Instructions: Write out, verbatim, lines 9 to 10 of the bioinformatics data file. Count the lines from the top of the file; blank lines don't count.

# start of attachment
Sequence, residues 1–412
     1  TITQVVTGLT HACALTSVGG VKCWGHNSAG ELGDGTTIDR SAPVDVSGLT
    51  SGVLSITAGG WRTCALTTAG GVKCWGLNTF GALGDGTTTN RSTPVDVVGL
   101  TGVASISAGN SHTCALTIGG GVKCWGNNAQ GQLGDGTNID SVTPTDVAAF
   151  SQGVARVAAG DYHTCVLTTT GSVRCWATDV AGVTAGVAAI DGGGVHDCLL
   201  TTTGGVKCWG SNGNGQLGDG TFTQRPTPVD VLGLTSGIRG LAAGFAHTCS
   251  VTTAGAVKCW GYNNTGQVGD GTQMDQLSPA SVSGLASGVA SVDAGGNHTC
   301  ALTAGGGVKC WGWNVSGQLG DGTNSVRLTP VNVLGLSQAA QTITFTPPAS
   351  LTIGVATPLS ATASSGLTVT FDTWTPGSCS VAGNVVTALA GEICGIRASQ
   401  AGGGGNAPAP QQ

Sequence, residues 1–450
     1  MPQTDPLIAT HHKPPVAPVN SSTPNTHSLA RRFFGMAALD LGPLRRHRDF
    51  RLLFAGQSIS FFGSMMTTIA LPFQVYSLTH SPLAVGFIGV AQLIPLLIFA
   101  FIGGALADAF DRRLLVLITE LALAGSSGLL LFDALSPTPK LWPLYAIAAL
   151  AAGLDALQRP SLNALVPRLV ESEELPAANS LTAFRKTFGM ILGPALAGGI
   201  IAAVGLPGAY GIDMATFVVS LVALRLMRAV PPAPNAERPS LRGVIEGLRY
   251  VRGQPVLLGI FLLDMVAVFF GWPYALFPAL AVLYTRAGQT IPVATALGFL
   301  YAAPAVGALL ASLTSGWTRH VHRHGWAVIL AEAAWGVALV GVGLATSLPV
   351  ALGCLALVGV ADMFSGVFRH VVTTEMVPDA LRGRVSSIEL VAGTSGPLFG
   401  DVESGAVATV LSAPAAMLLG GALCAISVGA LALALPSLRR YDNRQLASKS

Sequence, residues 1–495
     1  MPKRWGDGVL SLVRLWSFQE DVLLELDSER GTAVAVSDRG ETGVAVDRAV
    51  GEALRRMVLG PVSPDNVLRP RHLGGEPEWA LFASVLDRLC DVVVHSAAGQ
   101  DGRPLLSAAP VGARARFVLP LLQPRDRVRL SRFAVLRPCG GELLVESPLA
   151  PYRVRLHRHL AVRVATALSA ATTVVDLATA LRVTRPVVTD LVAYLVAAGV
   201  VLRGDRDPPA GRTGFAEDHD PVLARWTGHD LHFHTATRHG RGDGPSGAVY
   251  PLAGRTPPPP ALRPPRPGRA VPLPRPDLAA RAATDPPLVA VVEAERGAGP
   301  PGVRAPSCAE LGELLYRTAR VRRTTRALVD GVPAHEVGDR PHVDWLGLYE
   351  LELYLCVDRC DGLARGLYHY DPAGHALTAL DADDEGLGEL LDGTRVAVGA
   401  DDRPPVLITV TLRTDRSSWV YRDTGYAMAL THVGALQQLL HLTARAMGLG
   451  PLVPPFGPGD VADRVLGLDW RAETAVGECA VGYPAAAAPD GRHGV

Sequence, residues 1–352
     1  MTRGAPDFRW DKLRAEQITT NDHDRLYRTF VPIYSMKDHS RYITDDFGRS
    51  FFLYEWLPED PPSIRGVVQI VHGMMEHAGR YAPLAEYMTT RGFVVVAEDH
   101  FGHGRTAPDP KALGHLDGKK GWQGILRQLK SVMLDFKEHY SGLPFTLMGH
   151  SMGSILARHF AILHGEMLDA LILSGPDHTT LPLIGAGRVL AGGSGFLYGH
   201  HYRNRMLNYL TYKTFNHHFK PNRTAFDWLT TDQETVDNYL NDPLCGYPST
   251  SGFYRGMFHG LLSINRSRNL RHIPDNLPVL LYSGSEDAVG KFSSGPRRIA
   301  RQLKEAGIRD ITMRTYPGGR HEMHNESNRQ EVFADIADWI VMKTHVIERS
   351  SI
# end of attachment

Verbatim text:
   351  LTIGVATPLS ATASSGLTVT FDTWTPGSCS VAGNVVTALA GEICGIRASQ
   401  AGGGGNAPAP QQ